During my time in Korea, I’ve eaten lots of things I’d never seen before, but this is one meal that I enjoy for the flavor as well as the novelty. Plus, since there are millions of people in other countries neglecting to eat cow and pig intestines, I’m doing my part to make sure nothing goes to waste.
-Tyler Watson, Seoul


7 Congealed Ox Blood 선짓국 seonjitguk

Seonjitguk is a much-loved form of haejanguk (해장국), or hangover soup, which is consumed after overindulging in alcohol. It includes cabbage and a variety of other vegetables, but what makes this soup unique is another ingredient – congealed ox blood. The blood, nearly dried, sits in the soup as chunks or sometimes one enormous hunk. While it doesn’t taste that odd, its texture is a bit unusual. The first time I had seonjiguk I tried to eat an enormous chunk all at once, and it was nearly impossible to swallow – be sure to use your chopsticks to break the congealed blood into smaller pieces!

I can’t eat big buckets of it, but I have grown to enjoy the sticky texture and proteininess (invented a new word there) the clotted blood pudding lends to a steaming bowl of soup. It’s extreme “man food.”
-Joe McPherson, Anyang, Gyeonggi Province


6 Blood Sausage 순대 sundae

Sundae is another of the “bizarre” foods that really isn’t that bizarre. In fact, one way of thinking about sundae is that it is to Korean food what haggis is to Scottish food. It’s made by stuffing pig intestines with a mixture of blood, rice, green onions, pork and noodles, and then steamed. This is a popular street food and is typically served in bowls and eaten with chopsticks or toothpicks. Like most sausage-type foods, the difference between good sundae and bad sundae is vast, and it’s worth it to try to find the good stuff.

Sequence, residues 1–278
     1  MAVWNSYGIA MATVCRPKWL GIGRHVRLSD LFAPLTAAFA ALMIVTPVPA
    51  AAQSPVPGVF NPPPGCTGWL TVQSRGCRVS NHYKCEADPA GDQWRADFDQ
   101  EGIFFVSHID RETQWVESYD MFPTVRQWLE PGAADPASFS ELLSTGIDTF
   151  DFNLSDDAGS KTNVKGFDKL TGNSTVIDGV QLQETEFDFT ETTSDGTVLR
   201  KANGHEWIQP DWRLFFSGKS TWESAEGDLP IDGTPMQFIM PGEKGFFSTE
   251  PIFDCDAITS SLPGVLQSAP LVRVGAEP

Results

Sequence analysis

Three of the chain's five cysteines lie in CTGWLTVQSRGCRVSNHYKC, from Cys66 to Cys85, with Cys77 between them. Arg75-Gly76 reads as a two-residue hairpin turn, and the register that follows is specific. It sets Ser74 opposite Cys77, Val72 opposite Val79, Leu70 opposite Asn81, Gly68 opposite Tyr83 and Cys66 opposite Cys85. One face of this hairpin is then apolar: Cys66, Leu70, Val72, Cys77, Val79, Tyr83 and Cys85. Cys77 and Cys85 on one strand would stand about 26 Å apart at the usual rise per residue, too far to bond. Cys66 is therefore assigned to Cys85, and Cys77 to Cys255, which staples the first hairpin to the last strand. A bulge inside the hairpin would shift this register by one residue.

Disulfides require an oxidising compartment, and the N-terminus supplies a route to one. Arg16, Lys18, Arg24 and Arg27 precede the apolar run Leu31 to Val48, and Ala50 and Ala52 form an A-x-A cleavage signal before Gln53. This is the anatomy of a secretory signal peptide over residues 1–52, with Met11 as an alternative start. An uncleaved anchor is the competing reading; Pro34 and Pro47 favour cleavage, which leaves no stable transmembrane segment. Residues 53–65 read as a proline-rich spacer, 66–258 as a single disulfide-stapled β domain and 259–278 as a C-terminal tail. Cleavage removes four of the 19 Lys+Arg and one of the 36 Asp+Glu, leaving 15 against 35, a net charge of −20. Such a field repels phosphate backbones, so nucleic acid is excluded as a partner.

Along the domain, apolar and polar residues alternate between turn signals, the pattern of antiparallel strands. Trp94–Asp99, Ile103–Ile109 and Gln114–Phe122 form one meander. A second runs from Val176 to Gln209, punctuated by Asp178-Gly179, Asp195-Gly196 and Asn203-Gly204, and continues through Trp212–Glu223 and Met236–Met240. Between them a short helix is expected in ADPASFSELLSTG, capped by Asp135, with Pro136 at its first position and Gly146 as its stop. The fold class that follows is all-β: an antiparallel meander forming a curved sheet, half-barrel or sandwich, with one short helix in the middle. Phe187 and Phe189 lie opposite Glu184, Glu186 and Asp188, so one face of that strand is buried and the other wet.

As with many Korean foods, an English explanation hardly does it justice. But on a plastic chair in Gwangjang Market, surrounded by drunken ajosshis, with a bottle of soju and some dipping salt, the meaty, hearty flavors of sundae can give you one of those pinch-yourself dining experiences that Korea rarely offers.
-Andrew Smith, Bucheon, Gyeonggi Province


6 Chicken Gizzards 닭똥집 dalkttongjip

The Korean name for chicken gizzards is literally translated as “chicken poo house,” which should be enough to startle anyone contemplating eating them. But don’t worry – they really are only gizzards, and they really are quite good. For what it’s worth, gizzards are eaten the world over, including much of South East Asia, Haiti, and in the United States. In Korea chicken gizzards are usually served stir-fried and are very popular as a form of anju (food to accompany drinking).

The first time I tried dalkttongjip was in a pojangmacha in the gritty neighborhood of Singeumho. Among the Korean foods sampled by Anthony Bourdain on his Korean episode of No Reservations this is the only dish that he doesn’t like, though it’s my opinion that chicken gizzard is one of the best Korean meat and sesame oil combinations. -Matthew Crawford, Seoul 


4 Live Octopus 산낙지 sannakji

Sannakji is octopus that is cut up while still alive and eaten immediately, typically seasoned with sesame oil. Watching the nakji on your plate is the first bizarre part of this food as some of the dismembered pieces run for the edge of the dish, while others clump together, looking for all the world as if they are trying to reassemble. Sannakji should be eaten with care, as the suction cups on the tentacles continue to function long after the octopus is cut up and each year there are reports of sannakji chokings.